Posted 1 year ago on Oct. 25, 2013, 8:37 p.m. EST by LeoYo
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US Invasion of Grenada: A 30-Year Retrospective
Friday, 25 October 2013 10:33 By Stephen Zunes, Truthout | News
It has been exactly 30 years since US forces invaded Grenada, ending that Caribbean island nation's four-year socialist experiment. The island nation no bigger than Martha's Vineyard, with a population that could barely fill the Rose Bowl, was defeated with relatively few American casualties. President Ronald Reagan's decision to occupy the country and replace the government with one more to his liking proved to be quite popular in the United States, with polls indicating that 63 percent of the public supported the invasion.
On this anniversary, it would be worth looking back at the Grenadian revolution, the U.S. invasion, its aftermath and the important precedent it set for "regime change" through U.S. military intervention.
One of the tiny island nations that grew out of the British colonies in the eastern Caribbean, Grenada - like its neighbors - was populated by descendants of black African slaves. The original inhabitants, the Carib Indians, were wiped out during the early stages of colonialism. Receiving independence in 1974, the island was ruled initially by the despotic and eccentric Prime Minister Sir Eric Gairy, whose murderous secret police - known as the Mongoose Squad - and his passion for flying saucers, the occult and extra-terrestrial communication had brought him notoriety throughout the hemisphere. On March 13, 1979, in an almost bloodless coup, a young attorney named Maurice Bishop seized power with the backing of the New Jewel Movement. He and the movement proceeded to impose an ambitious socialist program on the island inspired at least as much by Bob Marley as Karl Marx. In the next four years, while most Caribbean nations suffered terribly from worldwide recession, Grenada achieved a 9 percent cumulative growth rate. Unemployment dropped from 49 percent to 14 percent. The government diversified agriculture, developed cooperatives and created an agri-industrial base that led to a reduction of the percentage of food and total imports from more than 40 percent to 28 percent at a time when market prices for agricultural products were collapsing worldwide.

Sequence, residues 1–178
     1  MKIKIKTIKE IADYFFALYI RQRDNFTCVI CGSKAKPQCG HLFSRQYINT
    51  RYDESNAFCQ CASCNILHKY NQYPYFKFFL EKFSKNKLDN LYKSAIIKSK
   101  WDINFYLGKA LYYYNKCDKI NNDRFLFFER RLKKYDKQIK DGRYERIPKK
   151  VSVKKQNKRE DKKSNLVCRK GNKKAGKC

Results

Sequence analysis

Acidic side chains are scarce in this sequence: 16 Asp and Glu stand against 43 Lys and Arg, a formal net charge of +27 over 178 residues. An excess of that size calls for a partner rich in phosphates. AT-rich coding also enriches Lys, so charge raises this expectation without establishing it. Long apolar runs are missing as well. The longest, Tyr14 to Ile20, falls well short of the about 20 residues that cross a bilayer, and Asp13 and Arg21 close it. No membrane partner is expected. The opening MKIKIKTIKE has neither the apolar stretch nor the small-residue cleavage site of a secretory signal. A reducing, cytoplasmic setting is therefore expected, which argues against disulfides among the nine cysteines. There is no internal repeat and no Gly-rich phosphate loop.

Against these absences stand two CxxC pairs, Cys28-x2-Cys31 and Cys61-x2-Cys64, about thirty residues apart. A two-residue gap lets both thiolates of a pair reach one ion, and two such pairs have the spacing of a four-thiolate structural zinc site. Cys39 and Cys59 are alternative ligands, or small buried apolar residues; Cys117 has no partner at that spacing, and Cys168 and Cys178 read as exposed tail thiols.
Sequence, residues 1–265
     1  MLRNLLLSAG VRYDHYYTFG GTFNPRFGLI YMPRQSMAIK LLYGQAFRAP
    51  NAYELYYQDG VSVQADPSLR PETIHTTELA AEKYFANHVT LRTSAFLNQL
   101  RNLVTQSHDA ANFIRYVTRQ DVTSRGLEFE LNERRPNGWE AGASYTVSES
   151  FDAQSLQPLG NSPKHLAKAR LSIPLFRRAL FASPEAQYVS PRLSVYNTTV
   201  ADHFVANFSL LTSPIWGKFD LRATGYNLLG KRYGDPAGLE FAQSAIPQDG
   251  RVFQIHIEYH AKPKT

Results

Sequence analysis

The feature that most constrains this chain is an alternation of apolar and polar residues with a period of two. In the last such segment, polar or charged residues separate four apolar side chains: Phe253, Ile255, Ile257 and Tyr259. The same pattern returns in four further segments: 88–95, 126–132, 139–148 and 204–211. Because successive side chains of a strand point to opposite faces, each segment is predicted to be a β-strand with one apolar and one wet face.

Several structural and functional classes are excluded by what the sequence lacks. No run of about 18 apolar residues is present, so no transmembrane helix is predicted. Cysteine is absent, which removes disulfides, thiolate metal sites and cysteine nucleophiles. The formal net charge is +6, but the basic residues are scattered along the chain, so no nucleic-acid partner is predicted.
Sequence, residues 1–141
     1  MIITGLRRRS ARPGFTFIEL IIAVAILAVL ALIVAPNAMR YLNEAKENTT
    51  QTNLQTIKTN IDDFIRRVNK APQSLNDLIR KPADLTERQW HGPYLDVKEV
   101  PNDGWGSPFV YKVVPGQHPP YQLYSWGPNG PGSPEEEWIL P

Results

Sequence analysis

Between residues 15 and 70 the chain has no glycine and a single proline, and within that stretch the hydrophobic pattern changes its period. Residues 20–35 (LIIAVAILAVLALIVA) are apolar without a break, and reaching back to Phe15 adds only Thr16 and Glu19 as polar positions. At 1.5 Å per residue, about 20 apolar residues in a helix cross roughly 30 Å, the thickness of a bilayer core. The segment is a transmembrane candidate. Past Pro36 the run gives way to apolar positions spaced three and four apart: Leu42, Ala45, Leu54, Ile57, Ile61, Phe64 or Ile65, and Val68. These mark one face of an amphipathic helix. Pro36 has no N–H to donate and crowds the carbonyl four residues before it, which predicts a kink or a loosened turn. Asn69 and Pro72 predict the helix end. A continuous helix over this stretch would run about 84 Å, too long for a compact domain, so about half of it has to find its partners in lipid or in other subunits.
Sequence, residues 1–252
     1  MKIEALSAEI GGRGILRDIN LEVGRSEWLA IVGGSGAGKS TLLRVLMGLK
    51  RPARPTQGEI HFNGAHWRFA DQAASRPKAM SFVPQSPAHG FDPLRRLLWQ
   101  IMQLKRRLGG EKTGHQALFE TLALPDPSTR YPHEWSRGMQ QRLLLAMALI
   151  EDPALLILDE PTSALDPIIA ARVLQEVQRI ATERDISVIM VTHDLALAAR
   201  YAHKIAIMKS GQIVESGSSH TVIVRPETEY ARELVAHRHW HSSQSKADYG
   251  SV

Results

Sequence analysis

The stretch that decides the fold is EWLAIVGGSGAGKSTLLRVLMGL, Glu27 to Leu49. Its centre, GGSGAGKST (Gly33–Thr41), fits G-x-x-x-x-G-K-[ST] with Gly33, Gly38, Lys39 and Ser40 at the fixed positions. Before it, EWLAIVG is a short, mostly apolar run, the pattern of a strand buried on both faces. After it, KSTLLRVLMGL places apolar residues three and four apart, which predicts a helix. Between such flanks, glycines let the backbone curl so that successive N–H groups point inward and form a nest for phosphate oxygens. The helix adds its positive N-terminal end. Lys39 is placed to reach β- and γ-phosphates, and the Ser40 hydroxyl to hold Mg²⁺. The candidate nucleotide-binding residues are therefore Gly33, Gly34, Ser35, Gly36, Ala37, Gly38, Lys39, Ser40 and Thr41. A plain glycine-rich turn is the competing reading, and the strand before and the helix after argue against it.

The literacy rate, already at a respe